The UK is currently at the peak of plastic surgery demand, with a record number of procedures performed each year.
However, the UK government has warned that it would “not be appropriate to estimate” when the number of plastic surgeries would fall, and that its aim is to ensure the country is “on the cutting edge of plastic and reconstructive surgery.”
“The number of surgeries per capita in the UK is a matter of concern for many of us, and there is a very high demand for plastic surgery,” Dr Sarah Smith, from the Plastic and Reconstructive Surgery Authority (PRA), told the BBC.
“We know that demand is growing rapidly, and we are in the process of meeting it with the right kind of planning and support.”
However, some plastic surgeons are concerned that their services could become unaffordable as the NHS struggles to cope with the demand.
In the UK, the average patient spends £20,000 on plastic surgery procedures.
However in Scotland, a study by the Institute of Public Health (IPH) found that patients are spending an average of £3,000 more on plastic surgeries than they are on prescription drugs.
Dr Adam Jones, from PRA, said that the NHS is taking steps to address the problem, including introducing “gold-plated” plastic surgery surgery procedures to allow surgeons to charge a fee if they believe they can make a difference.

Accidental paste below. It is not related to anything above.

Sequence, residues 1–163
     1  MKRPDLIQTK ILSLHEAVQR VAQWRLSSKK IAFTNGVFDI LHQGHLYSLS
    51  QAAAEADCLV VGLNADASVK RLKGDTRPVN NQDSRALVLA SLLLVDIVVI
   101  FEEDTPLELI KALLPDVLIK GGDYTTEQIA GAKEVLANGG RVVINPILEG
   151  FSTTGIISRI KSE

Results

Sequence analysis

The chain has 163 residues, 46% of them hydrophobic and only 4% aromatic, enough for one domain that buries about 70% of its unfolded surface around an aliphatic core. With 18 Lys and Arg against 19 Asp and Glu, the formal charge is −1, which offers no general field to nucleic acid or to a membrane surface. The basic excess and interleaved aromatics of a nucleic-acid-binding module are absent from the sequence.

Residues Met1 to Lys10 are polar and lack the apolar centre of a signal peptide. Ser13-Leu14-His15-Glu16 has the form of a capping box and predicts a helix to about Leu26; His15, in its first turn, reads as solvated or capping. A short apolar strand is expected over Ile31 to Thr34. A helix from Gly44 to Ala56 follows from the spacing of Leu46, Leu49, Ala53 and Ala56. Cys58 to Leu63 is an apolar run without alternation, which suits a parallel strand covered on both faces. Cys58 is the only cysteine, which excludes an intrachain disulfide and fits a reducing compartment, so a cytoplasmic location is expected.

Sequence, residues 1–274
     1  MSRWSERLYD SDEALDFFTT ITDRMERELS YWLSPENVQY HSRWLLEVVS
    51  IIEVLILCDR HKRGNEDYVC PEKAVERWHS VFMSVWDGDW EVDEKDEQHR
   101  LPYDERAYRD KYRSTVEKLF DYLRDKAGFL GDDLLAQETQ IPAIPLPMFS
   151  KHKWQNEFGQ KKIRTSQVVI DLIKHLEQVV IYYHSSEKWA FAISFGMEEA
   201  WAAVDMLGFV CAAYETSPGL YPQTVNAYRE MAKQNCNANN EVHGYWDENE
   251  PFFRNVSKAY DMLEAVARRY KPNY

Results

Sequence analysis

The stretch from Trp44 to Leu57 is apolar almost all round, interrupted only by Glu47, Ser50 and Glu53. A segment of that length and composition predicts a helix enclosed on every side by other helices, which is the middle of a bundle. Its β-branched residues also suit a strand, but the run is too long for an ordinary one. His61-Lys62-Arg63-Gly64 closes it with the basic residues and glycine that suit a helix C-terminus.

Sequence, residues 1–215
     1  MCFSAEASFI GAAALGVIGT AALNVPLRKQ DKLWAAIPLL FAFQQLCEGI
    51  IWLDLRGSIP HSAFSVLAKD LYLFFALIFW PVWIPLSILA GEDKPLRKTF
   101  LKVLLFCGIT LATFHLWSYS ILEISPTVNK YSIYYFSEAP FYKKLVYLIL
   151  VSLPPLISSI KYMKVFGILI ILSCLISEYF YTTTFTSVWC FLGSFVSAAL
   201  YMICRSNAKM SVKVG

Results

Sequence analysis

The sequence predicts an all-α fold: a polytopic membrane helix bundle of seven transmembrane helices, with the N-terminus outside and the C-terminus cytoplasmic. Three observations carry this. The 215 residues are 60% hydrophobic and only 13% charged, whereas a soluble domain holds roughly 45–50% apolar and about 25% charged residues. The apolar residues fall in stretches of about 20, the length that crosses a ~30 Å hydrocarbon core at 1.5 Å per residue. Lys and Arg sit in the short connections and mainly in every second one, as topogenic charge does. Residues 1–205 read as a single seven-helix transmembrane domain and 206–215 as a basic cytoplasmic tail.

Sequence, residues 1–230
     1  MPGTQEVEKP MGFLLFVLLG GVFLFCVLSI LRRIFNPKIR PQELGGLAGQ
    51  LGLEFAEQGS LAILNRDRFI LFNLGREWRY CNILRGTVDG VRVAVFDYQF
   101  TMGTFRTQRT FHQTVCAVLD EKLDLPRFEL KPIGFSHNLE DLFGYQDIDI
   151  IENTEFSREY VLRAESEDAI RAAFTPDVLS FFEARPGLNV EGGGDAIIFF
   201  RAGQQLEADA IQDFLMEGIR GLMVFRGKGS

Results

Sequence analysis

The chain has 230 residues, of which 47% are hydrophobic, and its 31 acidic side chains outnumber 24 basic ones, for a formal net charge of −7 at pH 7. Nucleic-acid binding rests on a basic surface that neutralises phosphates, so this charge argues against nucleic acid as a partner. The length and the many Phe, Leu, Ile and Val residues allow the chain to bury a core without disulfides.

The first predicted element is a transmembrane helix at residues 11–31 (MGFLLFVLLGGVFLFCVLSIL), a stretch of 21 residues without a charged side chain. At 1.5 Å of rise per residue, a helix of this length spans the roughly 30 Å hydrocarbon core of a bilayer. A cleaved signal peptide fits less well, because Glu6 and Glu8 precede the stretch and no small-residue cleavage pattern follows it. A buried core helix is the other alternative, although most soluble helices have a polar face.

Currently, plastic surgery is only available for people with a pre-existing health condition, but Dr Jones said the NHS was considering a “gold standard” procedure for all types of cosmetic surgery.
A recent survey by the IPRH found that 85% of respondents wanted to see a universal scheme to allow people with mental health issues to have plastic surgery as soon as possible, while 83% said they wanted the NHS to provide a “free plastic surgery” to people with other health conditions.
But, despite the government’s warnings, many plastic surgeons feel that the majority of their clients are willing to pay for the procedure, and would rather see it done privately.
According to a study conducted by the British Board of Plastic Surgery, 85% said that they would recommend a plastic surgery to their clients, but only 13% would pay for it themselves.
The Royal College of Surgeons’ chief executive, Dr Stephen Fagan, said it was important to remember that plastic surgery was an “intensive and expensive” procedure, adding: “It is vital that patients understand the risks of this procedure and that there is no rush to make a decision.
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